How to win your first freelance gig

The biggest hurdle to becoming a full-time freelancer is finding work. It might seem overwhelming when you desperately need to pay the bills. But with the right attitude, willingness and focus, you'll be up and running in no time.

Image licensed via Adobe Stock

Image licensed via Adobe Stock

Keep in mind that with the following advice you're going to have to work harder than you've ever done in your life. You're going to have to travel a lot more and meet loads of people.

You've also got to accept that not all your efforts will pay off – the key is to ensure that some of them do. And they will! So roll your sleeves up, prepare to get stuck in and read these tips on how to win your first freelance gig.

Work for an agency first

An excellent way to start is to work for an agency as a full-time employee. Ensure you do a great job for them, gain loads of experience, become invaluable and then, when you're ready to go freelance, try and strike a deal with your former boss where you can still help out on projects.

It doesn't work for everyone – as some agencies won't need or want to hire outside help. But it worked for many of my friends and me. Just make sure you have a plan B. At the very least, you gained some valuable experience and insight into how agencies work, and how to run a business.

Visit all of your local agencies

When I went solo in 2007, I contacted about 30 agencies across the North West and the Midlands, asking if they needed any PR or copywriting support. I didn't just target the PR firms; I also got in touch with design, marketing and digital agencies.

I didn't send an email, I picked up the phone and asked if I could drop by for a 10-minute chat. I was friendly but determined and just went for it. I gave them no choice but to meet me and sold myself on the phone. I won my first couple of projects, which led to long-term repeat business.

Do the same yourself but bear in mind that agencies get hounded by freelancers looking for work. Read this article on how to charm anyone and win people over for some extra tips.

Travel further out

Don't just stay on your doorstep. Expand your horizons and move to different counties or regions to find work. I did this when I started. I went to London, trekked down to the South West, met people over in Norwich. I widened the net of finding potential new work and ended up working for people as far away as Exeter. And that's quite some distance from rural Cheshire – but everything was done over the phone or email.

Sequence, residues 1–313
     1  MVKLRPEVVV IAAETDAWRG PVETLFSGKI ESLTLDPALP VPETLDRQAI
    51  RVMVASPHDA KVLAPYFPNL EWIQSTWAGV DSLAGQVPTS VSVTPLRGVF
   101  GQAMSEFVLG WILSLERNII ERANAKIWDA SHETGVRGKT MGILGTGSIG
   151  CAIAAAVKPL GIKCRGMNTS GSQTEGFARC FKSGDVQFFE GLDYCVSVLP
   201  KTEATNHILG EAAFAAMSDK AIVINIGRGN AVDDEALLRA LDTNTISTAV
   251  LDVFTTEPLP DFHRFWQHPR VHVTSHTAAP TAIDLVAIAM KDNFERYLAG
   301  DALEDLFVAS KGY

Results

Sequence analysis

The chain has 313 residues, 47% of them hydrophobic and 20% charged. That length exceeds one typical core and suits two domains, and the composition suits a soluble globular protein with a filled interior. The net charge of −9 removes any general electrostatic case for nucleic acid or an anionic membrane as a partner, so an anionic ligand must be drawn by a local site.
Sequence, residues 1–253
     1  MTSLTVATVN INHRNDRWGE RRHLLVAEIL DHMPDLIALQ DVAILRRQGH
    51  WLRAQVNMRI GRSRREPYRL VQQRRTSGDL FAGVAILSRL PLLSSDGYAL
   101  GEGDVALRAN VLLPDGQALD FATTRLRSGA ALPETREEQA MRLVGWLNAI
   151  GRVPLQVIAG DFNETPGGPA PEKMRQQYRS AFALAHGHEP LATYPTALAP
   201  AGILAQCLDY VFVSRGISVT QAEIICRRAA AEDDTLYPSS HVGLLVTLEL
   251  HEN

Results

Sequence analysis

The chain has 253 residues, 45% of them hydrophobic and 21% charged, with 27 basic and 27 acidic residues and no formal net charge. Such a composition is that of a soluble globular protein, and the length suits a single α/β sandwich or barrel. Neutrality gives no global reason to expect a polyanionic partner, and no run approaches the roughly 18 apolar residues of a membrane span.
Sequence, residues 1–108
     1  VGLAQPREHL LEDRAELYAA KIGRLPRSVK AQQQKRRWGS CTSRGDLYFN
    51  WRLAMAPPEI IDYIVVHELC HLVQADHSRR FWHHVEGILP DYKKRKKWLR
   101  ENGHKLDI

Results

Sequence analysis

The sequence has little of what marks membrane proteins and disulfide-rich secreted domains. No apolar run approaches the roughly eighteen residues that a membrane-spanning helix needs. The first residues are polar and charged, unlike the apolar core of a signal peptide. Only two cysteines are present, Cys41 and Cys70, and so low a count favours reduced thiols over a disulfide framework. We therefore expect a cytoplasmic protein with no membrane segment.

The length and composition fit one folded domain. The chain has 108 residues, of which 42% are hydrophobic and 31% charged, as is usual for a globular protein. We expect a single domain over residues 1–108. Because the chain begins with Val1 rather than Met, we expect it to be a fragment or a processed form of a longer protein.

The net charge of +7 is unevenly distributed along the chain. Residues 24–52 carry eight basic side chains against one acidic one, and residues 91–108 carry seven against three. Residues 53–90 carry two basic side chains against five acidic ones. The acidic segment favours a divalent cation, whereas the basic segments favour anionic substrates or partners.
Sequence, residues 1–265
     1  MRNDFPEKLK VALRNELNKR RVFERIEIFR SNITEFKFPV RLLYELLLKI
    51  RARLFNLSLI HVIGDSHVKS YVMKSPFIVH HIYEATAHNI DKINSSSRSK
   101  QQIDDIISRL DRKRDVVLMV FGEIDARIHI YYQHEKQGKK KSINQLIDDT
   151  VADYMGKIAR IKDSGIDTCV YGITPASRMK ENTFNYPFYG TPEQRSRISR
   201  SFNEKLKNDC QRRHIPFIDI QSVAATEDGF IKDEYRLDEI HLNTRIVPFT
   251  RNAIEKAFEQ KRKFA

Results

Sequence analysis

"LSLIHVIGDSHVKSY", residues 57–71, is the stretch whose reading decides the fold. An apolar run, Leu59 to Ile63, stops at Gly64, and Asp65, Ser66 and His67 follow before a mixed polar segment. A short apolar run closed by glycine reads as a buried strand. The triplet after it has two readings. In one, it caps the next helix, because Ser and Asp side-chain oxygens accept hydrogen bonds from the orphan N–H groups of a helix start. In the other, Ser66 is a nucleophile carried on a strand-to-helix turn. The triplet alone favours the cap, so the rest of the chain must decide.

Use your past connections

People are by far the biggest weapon in your mission to win those first clients, so dig out the old address book and get back in touch with friends, family, old colleagues, former employers or even teachers. Tell them that you're available for work and ask them to keep that in mind if they, or anyone they know, might need anything.

Network, network, network

Nothing beats face-to-face interaction to connect with people and win work. After all, business is about people, so find local networking events where you can build valuable connections, which could then lead to winning that first gig.

But remember! The hard sell doesn't work here. You have to establish relationships and enjoy getting to know people, rather than pitch your services right away. Read these tips on how to make the most of networking if you're a freelancer.

Have a great website

Once you've gone out there and met people – which I think is the best way to win business – you also need to focus on building an online profile that will allow people to find you organically. It means you need a website. And not just any website. It has to be clean, appealing, enticing, and a reflection of your skills and work. Think of it as your shop window. Read these 60 ways to create a successful website.